Why renting is now a better option for young adults

Pradip Rodrigues

Vishal (name changed) graduated from college two years ago carrying a unenviable student debt and has yet to hit his stride professionally. His parents like many South Asians live in a large homerent on a quiet cul-de-sac and are really upset with him because ‘he’s wasting his money renting a condo in Toronto.’ “Why is he renting when he can live here for free and even enjoy home cooked meals?” asks his bewildered mother. Yes, why indeed has he not taken up his parents’ offer to become a young adult freeloader living in their basement?

Renting gives much needed flexibility

Vishal on the other hand sees things differently. He works in Toronto and decided that it made economic sense living there as well after doing the math. Driving to work every day would’ve been a nightmare, taking the GO and then transferring to the TTC would still not be convenient and neither would it save him time. Sure he’d save on rent if he lived with his parents, but after spending four years away at school, moving back in with his family felt lame. I mean a 24-year-old needs his privacy, especially if he has a girlfriend. Also living in Mississauga would entail the expense of a car after all so many can attest that not having wheels in these parts is an expensive necessity. Living in the city means he is at work in 20 minutes, leaving him more time to pursue an evening course and a slew of leisure activities.
Vishal would like to buy a condo or a small pad someplace close to the city, but for now it’s like dreaming about winning the lottery. He is part of a growing trend across North America where youth are opting to rent or buy smaller dwellings in cities. Many of them are opting out of car and home ownership, renting and car sharing is now the norm for this generation. This is a consequence of two factors- rising home prices which have climbed out of reach for a majority of those now entering the job market and youth unemployment which now stands at 13.20, which incidentally is higher than even India’s 12.90 as of July 2015.
It is not that Vishal can’t buy a home as his parents suggest, they’ve even offered to help with the downpayment, he simply doesn’t want to be tied down.
When a person buys a home, he or she psychologically puts down roots, they end up seeking jobs in a particular geographical area. So if Vishal bought a home in Mississauga, he’d be looking at jobs preferably headquartered in the Peel Region followed by Toronto. How about if he saw a great opportunity in another city, say Barrie or even another province? He’d balk at having to the hassle of selling his home and moving, the whole process would be too off-putting. Not so if he continues to rent. If a great job offer came up in another city, Vishal would be have no qualms taking a risk and re-locate. Not so, if he owned a place in the GTA, selling and moving would be fraught with too much risk and tension.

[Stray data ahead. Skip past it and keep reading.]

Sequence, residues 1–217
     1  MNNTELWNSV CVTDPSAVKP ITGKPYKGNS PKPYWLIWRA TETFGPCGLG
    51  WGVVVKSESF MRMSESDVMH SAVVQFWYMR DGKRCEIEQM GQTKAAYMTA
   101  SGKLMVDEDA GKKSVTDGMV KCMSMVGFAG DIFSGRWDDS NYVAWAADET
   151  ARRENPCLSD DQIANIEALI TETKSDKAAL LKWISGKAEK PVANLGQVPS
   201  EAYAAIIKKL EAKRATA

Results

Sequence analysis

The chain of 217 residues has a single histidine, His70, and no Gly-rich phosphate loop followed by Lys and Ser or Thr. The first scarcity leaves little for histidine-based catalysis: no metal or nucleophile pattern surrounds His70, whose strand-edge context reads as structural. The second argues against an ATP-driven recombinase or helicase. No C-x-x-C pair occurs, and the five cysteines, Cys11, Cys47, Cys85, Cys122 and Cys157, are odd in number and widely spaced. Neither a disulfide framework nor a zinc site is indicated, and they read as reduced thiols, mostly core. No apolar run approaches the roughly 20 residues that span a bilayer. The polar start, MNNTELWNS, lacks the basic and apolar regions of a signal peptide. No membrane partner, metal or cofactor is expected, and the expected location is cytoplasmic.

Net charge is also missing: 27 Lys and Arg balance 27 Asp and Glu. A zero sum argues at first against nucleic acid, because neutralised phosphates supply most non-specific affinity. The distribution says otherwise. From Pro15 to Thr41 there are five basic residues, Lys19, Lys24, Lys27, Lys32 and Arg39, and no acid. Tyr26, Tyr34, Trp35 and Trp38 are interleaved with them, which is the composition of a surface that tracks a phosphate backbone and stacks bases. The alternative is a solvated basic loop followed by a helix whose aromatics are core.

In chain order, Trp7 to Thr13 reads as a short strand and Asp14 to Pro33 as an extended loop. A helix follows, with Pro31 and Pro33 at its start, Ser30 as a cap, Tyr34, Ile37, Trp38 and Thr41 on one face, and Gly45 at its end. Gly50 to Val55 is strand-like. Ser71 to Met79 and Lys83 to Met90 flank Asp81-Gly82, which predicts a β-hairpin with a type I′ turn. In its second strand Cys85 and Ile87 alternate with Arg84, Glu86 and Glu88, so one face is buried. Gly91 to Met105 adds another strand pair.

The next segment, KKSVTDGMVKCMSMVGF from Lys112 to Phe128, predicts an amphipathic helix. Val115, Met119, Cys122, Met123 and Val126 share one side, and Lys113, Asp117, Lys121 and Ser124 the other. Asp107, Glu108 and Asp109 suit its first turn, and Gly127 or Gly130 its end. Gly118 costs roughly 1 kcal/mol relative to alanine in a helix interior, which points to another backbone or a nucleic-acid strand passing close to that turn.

Renters can up and move in a month

Here’s the cold hard truth. Today few young people are finding good jobs. Fewer young people are getting married and even fewer young people are buying homes. With so much economic uncertainty and job insecurity, which young person who has just struggled or continue to struggle to pay off their student debt would want to pile on some more in the form of a ridiculously high mortgage?
Older generations are puzzled by the choices made by the millennials, after all their financial and social benchmarks were finding a job, getting married, and buying a home. How quaint!
Millennials are reluctant to piling on more debt

Many young students typically spend the first couple of their working lives paying off their student loans. Canada’s total student loan debt to over $22 billion. In my Mississauga neighborhood, I’ve encountered several young Caucasian families and couples most of them are renting. I spoke to a young couple who were Hamilton transplants. They moved to Mississauga to be close to their places of work having had enough of the daily commute. Buying a place in Mississauga they said was not an option given the cost. Furthermore, what if one of them found their next jobs in another town or city?
They wanted to keep their options open and although they had decent jobs were loathe to make Mississauga their final port of call.
This sort of thinking has several implications for the housing market, car industry and home and auto insurance. It can be a game changer.


Pradip Rodrigues started out as a journalist at Society magazine, part of the Magna Group in Mumbai. He wrote extensively on a variety of subjects. He later moved to the Times of India where he was instrumental in starting the now defunct E-times, a television magazine. He conceptualized Bombay Times and became its first assistant editor where he handled features and page three. Since coming to Canada in 2000, he has freelanced for newspapers and magazines in India and written autobiographies for seniors.

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